To George Lee Turberville
In Council March 10. 1781
I am sorry to find that your detaining some Letter from Baron Steuben to Lieutenant Hare has been viewed by him in an offensive Light insomuch as that he has made it the Subject of Part of a Letter to me. As I am satisfied you would not mean to keep it with this View, I will take the liberty of requesting you to return it to him by a safe Conveyance. Your own understanding will I am sure naturally lead [you] to accompany it with such an Apology as the Respect due to the Barons Character and command will suggest to you.
Engaged in a Contest wherein Dissensions would be so fatal, we cannot be too studious how to remove every Cause which may give rise to them. I am &c.,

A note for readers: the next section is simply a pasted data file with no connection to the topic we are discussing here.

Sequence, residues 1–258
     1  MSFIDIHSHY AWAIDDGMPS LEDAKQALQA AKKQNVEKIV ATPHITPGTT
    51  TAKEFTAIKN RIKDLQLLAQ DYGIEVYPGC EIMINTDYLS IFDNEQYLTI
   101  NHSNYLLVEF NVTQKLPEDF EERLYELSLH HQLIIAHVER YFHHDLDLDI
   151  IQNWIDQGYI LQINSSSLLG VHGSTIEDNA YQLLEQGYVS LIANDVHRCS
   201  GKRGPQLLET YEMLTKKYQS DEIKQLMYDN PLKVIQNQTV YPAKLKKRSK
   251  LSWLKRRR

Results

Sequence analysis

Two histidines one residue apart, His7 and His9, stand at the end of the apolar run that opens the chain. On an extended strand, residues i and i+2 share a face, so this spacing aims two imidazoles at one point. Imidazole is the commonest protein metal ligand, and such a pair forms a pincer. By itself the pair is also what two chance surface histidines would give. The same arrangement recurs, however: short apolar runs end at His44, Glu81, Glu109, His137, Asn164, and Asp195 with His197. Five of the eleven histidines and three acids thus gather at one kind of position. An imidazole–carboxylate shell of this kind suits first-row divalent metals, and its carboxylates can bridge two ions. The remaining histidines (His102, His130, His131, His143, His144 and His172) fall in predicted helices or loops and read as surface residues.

See Turberville to TJ 15 Feb. 1781 and note there. Turberville may have had more than official reasons for being so greatly concerned in the Westover affair. When Gen. Alexander Leslie’s force landed in Virginia in the preceding autumn, such amenities as were observed between the British and Mrs. Mary Willing Byrd did not obtain between Leslie’s soldiers and Turberville’s mother. On the earlier occasion the Virginia Gazette (d & n) for 27 Sep. 1780 reported: “We hear from authority, that may be relied on, that the enemy sent three armed boats yesterday morning, to the house of Mr. George Turberville on Potomack, carried off three negroes, his plate, and stripped the house of every thing they could lay their hands on, even the rings from Mrs. Turbervilles fingers.”